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Published on January 15, 2009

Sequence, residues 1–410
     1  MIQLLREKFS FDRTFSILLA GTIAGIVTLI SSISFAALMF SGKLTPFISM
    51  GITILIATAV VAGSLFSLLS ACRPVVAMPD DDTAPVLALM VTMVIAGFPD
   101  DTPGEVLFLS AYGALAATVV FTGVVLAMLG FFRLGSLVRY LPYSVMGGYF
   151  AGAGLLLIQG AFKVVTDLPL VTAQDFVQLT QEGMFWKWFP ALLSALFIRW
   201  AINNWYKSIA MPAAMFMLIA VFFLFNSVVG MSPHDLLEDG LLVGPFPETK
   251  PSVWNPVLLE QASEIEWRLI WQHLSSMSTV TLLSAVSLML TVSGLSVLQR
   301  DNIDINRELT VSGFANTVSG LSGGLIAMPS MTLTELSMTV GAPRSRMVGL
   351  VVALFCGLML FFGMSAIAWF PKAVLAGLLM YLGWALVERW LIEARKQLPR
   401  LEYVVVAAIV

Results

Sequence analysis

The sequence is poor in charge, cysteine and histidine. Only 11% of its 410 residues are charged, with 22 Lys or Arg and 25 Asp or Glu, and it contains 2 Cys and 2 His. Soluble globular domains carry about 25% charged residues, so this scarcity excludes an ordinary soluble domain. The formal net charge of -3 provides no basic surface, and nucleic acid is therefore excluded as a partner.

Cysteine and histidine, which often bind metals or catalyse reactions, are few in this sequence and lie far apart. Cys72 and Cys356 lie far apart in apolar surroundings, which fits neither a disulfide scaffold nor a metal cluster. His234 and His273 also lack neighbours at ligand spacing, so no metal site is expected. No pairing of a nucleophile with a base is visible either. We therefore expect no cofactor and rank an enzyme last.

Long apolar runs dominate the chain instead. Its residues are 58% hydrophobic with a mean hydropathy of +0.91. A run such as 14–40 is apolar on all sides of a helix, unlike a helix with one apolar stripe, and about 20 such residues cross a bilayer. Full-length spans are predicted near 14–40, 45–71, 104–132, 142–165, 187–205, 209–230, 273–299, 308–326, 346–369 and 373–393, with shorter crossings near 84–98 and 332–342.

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Knowledge Based Management for Higher Education : Knowledge Based Management for Higher Education Robert D. Stueart Slide 2: No activity in the world is attracting as much attention as that of knowledge management Confusion over meaning of Knowledge Management : Confusion over meaning of Knowledge Management Some view it as a pretentious label for Information Management Some use the term to signal more complex work involved in organizing access to networked information resources Cynics simply dismiss it as the latest management fad All healthy organizations generate and use knowledge : All healthy organizations generate and use knowledge As they interact with environment, they absorb information, turn it into knowledge and take action based on its combination with their own: Experiences Values Internal rules Knowledge Management, then, is the process of transforming : Knowledge Management, then, is the process of transforming INFORMATION and INTELLECTUAL ASSETS into enduring VALUE This requires a blend of: : This requires a blend of: PEOPLE PROCESSES (Strategy) TECHNOLOGY PEOPLE – not technology – manage knowledge : PEOPLE – not technology – manage knowledge Organizations can promote those policies and practices that build teamwork to help people share and manage knowledge – but people ultimately “manage” knowledge Quote from Andrew Carnegie, a well known American Educator : Quote from Andrew Carnegie, a well known American Educator "the only irreplaceable capital an organization possesses is the knowledge and ability of its people. The productivity of that capital depends on how effectively people share their competence with those who can use it." Knowledge Management involves connecting : Knowledge Management involves connecting • people with people • people with information THE TRANSFORMATION OF:•DATA•INFORMATION•RECORDED KNOWLEDGE INTODIGITAL FORM HAS PRECIPITATED ORGANIZATIONAL CHANGE : THE TRANSFORMATION OF:•DATA•INFORMATION•RECORDED KNOWLEDGE INTODIGITAL FORM HAS PRECIPITATED ORGANIZATIONAL CHANGE Technology : Technology Enhances the ability to rapidly disseminate information and develop knowledge bases thereby presenting opportunities to: change traditional organizational structures inspire an informal style promote social networks Knowledge-sharing underpinnings KNOWLEDGE MANAGEMENT : KNOWLEDGE MANAGEMENT Should not be co-opted by technology which, though important, is not the focus of knowledge management; technology can capture information but not create knowledge Remember: technology is a tool : Remember: technology is a tool “when the only tool available is a hammer, everything looks like a nail” (quote from Mark Twain HOLISTIC VIEW OF KNOWLEDGE : HOLISTIC VIEW OF KNOWLEDGE Present in ideas, judgment, talents, root causes, relationships, perspectives and concepts Stored in the individual’s brain or encoded in organizational processes, documents, products, services, facilities and systems Knowledge management practices : Draw out the tacit knowledge people have, what they carry around with them, what they observe and learn from experience, in addition to what is usually explicitly stated. Knowledge management practices ‘Explicit' and ‘Tacit' Knowledge : ‘Explicit' and ‘Tacit' Knowledge Explicit knowledge is formal and systematic and can be easily communicated and shared, i.e., in a book or a database in the library, a product specifications, or a scientific formula or a computer program. Tacit knowledge is highly personal, is unrecorded and unarticulated and is hard to formalize and therefore difficult, if not sometimes impossible, to communicate. ELEMENTS of Explicity: : ELEMENTS of Explicity: ACCESSING EVALUATING MANAGING ORGANIZING FILTERING DISTRIBUTING Tacit “information” is more difficult to obtain because it is buried : : Tacit “information” is more difficult to obtain because it is buried : in web-based links to other sites, databases, publications, and in the knowledge of experts employed in institutions (the value-added dimension) in the past, communication of this information has always been informal, word-of-mouth, and not the province of any organizational unit Example: How many times is something like this observed : : Example: How many times is something like this observed : "If Mr. Smith gets run over by a bus tomorrow, we're in trouble because only he knows how the scheduling [or accounting or other reporting] system actually works" How then, do we take advantage of the wealth of knowledge held only in our minds and those of our colleagues? Unlike Information, Knowledge is not just a:“thing” to be“ managed” : Unlike Information, Knowledge is not just a:“thing” to be“ managed” It is a Capacity - of people and communities - to continuously generate and renew themselves to meet new challenges and opportunities; it is the collective knowledge of the organization KNOWLEDGE TRANSFORMATION: : KNOWLEDGE TRANSFORMATION: HUMANS: transform information into a format that causes it to be easily converted into knowledge by another human being KNOWLEDGE-BASED SYSTEMS: statistical analysis software; data mining tools, decision support systems, AI, data visualization tools, expert systems, decision support systems, etc. are aids THE TRANSFORMATION IDEA ENCOMPASSES TWO CONCEPTS : THE TRANSFORMATION IDEA ENCOMPASSES TWO CONCEPTS Utilizing and exploiting the organization’s information Application of people’s competencies, skills, talents, thoughts, ideas, intuitions, commitments, motivations, and imaginations in that process Knowledge should be differentiated from other levels in a heirarchy of assimilation : Knowledge should be differentiated from other levels in a heirarchy of assimilation Slide 24: HIERARCHY OF ASSIMILATION DATA INFORMATION KNOWLEDGE UNDERSTANDING WISDOM ENLIGHTMENT Slide 25: In order to Understand one part of that hierarchy one should Understand all of them Slide 26: Data: Data is Symbols: And has no significance beyond its existence; No meaning in and of itself ORGANIZATIONS HAVE ALL SORTS OF DATA: : ORGANIZATIONS HAVE ALL SORTS OF DATA: TANGIBLE DOCUMENTS: REPORTS, PRESENTATIONS, FINANCIAL FACTS AND FIGURES, ETC. So to bring order out of chaos organizations provide mechanisms to organize data into information. Information systems, like library databases, provide consistent and logical treatment of data so people can find things. Slide 28: Information: Data that are processed to be useful: "who", "what", "where", "when,” data that has been given meaning Slide 29: Knowledge: Answers “How”, “Why”; involves appropriate collection and distillation of information Knowledge Management is concerned with developing organizations in such a manner as to derive knowledge from information. KNOWLEDGE : KNOWLEDGE enhances the learning process stimulates innovation in education raise levels of productivity speeds development improves lives Slide 31: One major difference between Information & Knowledge Information is: : Information is: Visible Independent from action and decision Format changes after processing Physical product Independent from existing environment Easily transferable Can be duplicated While Knowledge : While Knowledge Can’t be duplicated Closely related to action and decision Thought changes after processing Invisible Spiritual product Identified with existing environment Transfer through learning Understanding: appreciation of "why" : difference between knowledge and understanding is the difference between "memorizing” and "learning" Understanding: appreciation of "why" Wisdom:Evaluated Understanding : calls upon all the previous levels of consciousness; human programming (moral, ethical codes, etc.) Wisdom:Evaluated Understanding Enlightenment : For my Buddhist Friends this is the ultimate level - “be all you can be” Enlightenment Categories : Categories First two of those elements (data and information) involve the past (what has been or what is known) Last four (knowledge, understanding, wisdom, enlightenment) address the future- (people can create the future rather than just grasp the present and past). EXAMPLES (1) : EXAMPLES (1) Data represents a fact or statement of event without relation to other things. Example: It is raining. EXAMPLE (2) : EXAMPLE (2) Information embodies the understanding of a relationship of some sort, possibly cause and effect. Example: The temperature dropped 15 degrees and then it started raining. EXAMPLE (3) : EXAMPLE (3) Knowledge represents a pattern that connects and generally providing a high level of predictability as what is described or what will happen next. Example: If the humidity is very high and the temperature drops substantially the atmosphere is often unlikely to be able to hold the moisture so it rains. EXAMPLE (4) : EXAMPLE (4) Understanding; embodies more of an Understanding of fundamental principles embodied within the knowledge Example: It rains because it rains. And this encompasses an understanding of all the interactions that happen between raining, evaporation, air currents, temperature gradients, changes, raining. Knowledge Management. : Knowledge Management. "...a discipline that promotes an integrated approach to identifying, managing and sharing all of an enterprise's information assets. These information assets may include databases, documents, policies and procedures, as well as previously unarticulated expertise and experience resident in individual workers." (Gartner Group Inc, October 1996) Slide 43: Applications in libraries and other information centers might typically fall into broad categories: 1)Knowledge databases and repositories (explicit knowledge) : 1)Knowledge databases and repositories (explicit knowledge) storing information and documents that can be shared and re-used, for example: in personnel data; meeting minutes; research reports; training packets, etc. 2) Knowledge route-maps and directories (tacit and explicit knowledge) : 2) Knowledge route-maps and directories (tacit and explicit knowledge) Pointing to: people, document collections and datasets that can be consulted: for example, 'yellow pages'/'expert locators' containing CVs, competency profiles, research interests 3) Knowledge networks and discussions (tacit knowledge) : 3) Knowledge networks and discussions (tacit knowledge) Providing opportunities for face to-face contacts and electronic interaction, for example, establishing chat facilities/'talk rooms', and fostering learning groups Once we admit to ourselves how loosely we may be attending to the critical knowledge assets of our institutions, the sooner we will be ready to embrace KM as a valuable tool in both using and protecting that asset. : Once we admit to ourselves how loosely we may be attending to the critical knowledge assets of our institutions, the sooner we will be ready to embrace KM as a valuable tool in both using and protecting that asset. A KNOWLEDGE MANAGEMENT PROGRAM WOULD DECIDE: : A KNOWLEDGE MANAGEMENT PROGRAM WOULD DECIDE: WHAT to share WITH WHOM to share HOW to share, and in fact DECIDING to share But: : But: “Before an organization can adopt a knowledge management strategy, it must develop a knowledge management culture” Sivan (1999 Core Idea of Knowledge Management : Core Idea of Knowledge Management Establish an environment where information is shared and openly accepted Requires change in organizational culture because people are not accustomed to “sharing” “Knowledge management should not strike library institutions as a radically new idea; rather it is a new way of reasoning their existence : “Knowledge management should not strike library institutions as a radically new idea; rather it is a new way of reasoning their existence Slide 52: KM and how it is being discussed in LIBRARY SITUATIONS Libraries and information centers today are asking themselves difficult questions about accountability: : Libraries and information centers today are asking themselves difficult questions about accountability: Which programs and services are integral to the vision, mission and goals of the university or other organization How to better meet the needs of students How to encourage and support faculty research and creativity Educational quality assurance Some repositories of explicit knowledge in libraries: : Some repositories of explicit knowledge in libraries: volumes in the library, the institution's official business records, a recorded history of constituent problems with technology. An effective KM system would attempt to identify, index, store, and relate these disparate pieces of information which could then be of value to the institution This Development Probably Requires: : This Development Probably Requires: Thoughtful consideration of the educational mission and the interdisciplinary relationships with other units in the larger organization Greater oversight of all learning repositories and resources, ranging, for instance, from libraries to scientific and technological laboratories or other governmental agencies Facilitating the development of an administrative infrastructure that combines strategic budgeting with the management of programs and services Technologies are effective KM tools in managing explicit knowledge : Technologies are effective KM tools in managing explicit knowledge Intranets, Videoconferencing, Chat rooms, Collaborative groupware “E” whatever allow members of an online learning community to capture and disseminate explicit knowledge But, in libraries: : But, in libraries: Most of the tacit knowledge is associated with the area of information services which gives a “value-added” dimension – that great “old” reference service aspect The library community has just tentatively begun to more systematically collect tacit informationExamples: : The library community has just tentatively begun to more systematically collect tacit informationExamples: take the form of bookmarks or “pointers” (both physical and electronic) manifests itself in the form of hot-links that connect related Web sites BARRIERS TO KNOWLEDGE ACCESS IN LIBRARIES : BARRIERS TO KNOWLEDGE ACCESS IN LIBRARIES Decisions are often impaired by what one might call : Decisions are often impaired by what one might call Information silos (confining structures) Information politics (knowledge is power; humans resist sharing) Information “silos” examples: : Information “silos” examples: certain data may be kept in the technical processing department; another set stored in information services; other records housed in technology. Instead of communicating and sharing this information, silos are formed, preventing the integration of these data for more system-wide decision-making Information politics, people are: : Information politics, people are: proprietary towards data block the flow of information, control the use of data for their own benefit enact their own interpretation of the classic phrase, ‘information is power”. which can lead to missed opportunities in planning and forecasting as well as difficulties in day-to-day decision-making Slide 63: IS THE INSTITUTION ON A DATA-INFORMATION-KNOWLEDGE TRACK? Slide 64: Conduct an Information audit: 1)Examine how data is shared throughout the organization, 2) Look at possible satisfaction survey 3) Examine work-flow processes. how do they change, and how long does it take for something to get implemented Example: : Example: Information stored in paper files or in computer files of a former employee might not be accessible, but the use of this information could enable the organization to do something in a more productive way. Example: : Example: Through cross-functional examination, the organization may be able to meet some of the needs by locating information in other units. Knowledge Audit: : Knowledge Audit: Assess how information is controlled in the library by exploring how information is provided, understood and made use of; how, and if, people are rewarded for sharing information; what type of subtle information sabotage might be taking place (this could take the form of databases that aren’t regularly maintained, corrections that aren’t entered into systems when reported, or duplicate paper versions of information that are maintained in addition to a library-wide information system) Some possible outcome activities : Some possible outcome activities Compile a yellow pages directory for library-wide networking Share library-wide information on personal and departmental resources (including library-wide resources, software, conference attendance & proceedings) Swap experiences, trends and opinions Experiment with tools and techniques Activities (cont’d) : Activities (cont’d) Act as catalyst for providing a total system that transmits a lucid relationship between explicit and tacit knowledge Facilitate staff development: encouraging them to examine practices in their area of responsibilities to determine how knowledge is best transmitted by joint discovery and construction of meaning with peers Activities (cont’d) : Activities (cont’d) Integrate resources in institutional research and information technology to promote a knowledge management systems approach E-learning is one of the most important KM practices, with focus on “just-in-time knowledge,” delivered anytime and anywhere in order to capitalize on the total staff’s knowledge as an intellectual asset. Other areas: : Other areas: Institutional planning offices can serve as the nucleus of information and facilitate the flow of information throughout the organization Administration can encourage managers to use data and information for decision making, and to ensure that there is an information-based culture of research and inquiry in place Three concepts are required for knowledge management to succeed : Three concepts are required for knowledge management to succeed Cooperation - information sharing, serving on committees together, while allowing participants to remain separate and continue to function in a more-or-less autonomous manner Coordination - actual resource sharing, filling in the gaps that participants would not be able to accommodate individually, while adapting and accommodating differences in order to achieve a common goal Collaboration - actual commitment and investment of resources, based on a shared vision that can develop Therefore : Aim of a Knowledge Management Strategic Plan : Therefore : Aim of a Knowledge Management Strategic Plan should be to create a framework to enable all members of the library community to seamlessly and easily connect to the information they need, whenever they need it, wherever it resides and to be able to use it effectively in providing information services. Having set the stage, let me comment more specifically: : Having set the stage, let me comment more specifically: What is the role of libraries in supporting the larger organization’s initiatives and developing the traditional library’s own knowledge management systems Slide 75: There is no segment of society that has experienced a greater impact of Technology than Libraries Libraries are experiencing a transformational change as digital technology has fundamentally altered: how services are provided; research is conducted; and learning occurs. Digital technology is dramatically changing the print-on-paper library model that has been the mainstay of library services. : Libraries are experiencing a transformational change as digital technology has fundamentally altered: how services are provided; research is conducted; and learning occurs. Digital technology is dramatically changing the print-on-paper library model that has been the mainstay of library services. More than any other traditional asset, the library is the means by which society can transform itself into something entirely new : More than any other traditional asset, the library is the means by which society can transform itself into something entirely new The traditional role of libraries : The traditional role of libraries The management of information has been the domain of librarians and information professionals trained to be experts in information searching, selecting, acquiring, organizing, preserving, making it available to users, that explicit information. Libraries have focused effectively on: : Libraries have focused effectively on: collecting, organizing and making explicit information/knowledge available A VISION OF KNOWLEDGE BASED LIBRARY - INFORMATION SERVICES : A VISION OF KNOWLEDGE BASED LIBRARY - INFORMATION SERVICES A guarantee of universal electronic access to the collective corpus of our traditional libraries, as well as the inclusion of Web-based materials and certain other kinds of tacit information. THIS DREAM WOULD INCLUDE THE INTERNET AND MEAN: : THIS DREAM WOULD INCLUDE THE INTERNET AND MEAN: All relevant publications be universally available on the Internet to seekers of knowledge Implies that appropriate description and validation of content would occur: and Must recognize that access may be free, licensed, or available through micro-payments Of course there is no clear plan, yet, for : Of course there is no clear plan, yet, for how we might achieve this dream and get from here to there! In the print-only world there has been : In the print-only world there has been a complex but well-defined system of content validation and description that involves librarians, referees, reviewers and publishers; and after going through those various defined processes, its selection gave that material a legitimacy that students and scholars came to depend upon Electronic Information Resources : Electronic Information Resources freely accessible through the Internet has disrupted this relatively efficient system; and there is no clear and defined role for libraries with regard to the selection, preservation and provision of access in regard to the digital resources accessible through the net; additionally users must learn how to evaluate these new information resources, and it is far more difficult to do so on the Web than in a traditional library This implies : This implies people (users or seekers of information) doing this searching have the ability to discern the quality, authenticity and validity of the information that they find on the web Librarians as Knowledge Intermediaries : Librarians as Knowledge Intermediaries negotiators – identifying needs facilitators – providing effective search strategies educators – familiar with the literature and information in many formats information intermediaries – providing current awareness services and liaison between the seekers of information and that information itself information advocates LIBRARIANS ARE: : LIBRARIANS ARE: The ultimate search tool, with a more interactive and human touch LIBRARIES PARADIGM SHIFT : LIBRARIES PARADIGM SHIFT Resources Services Users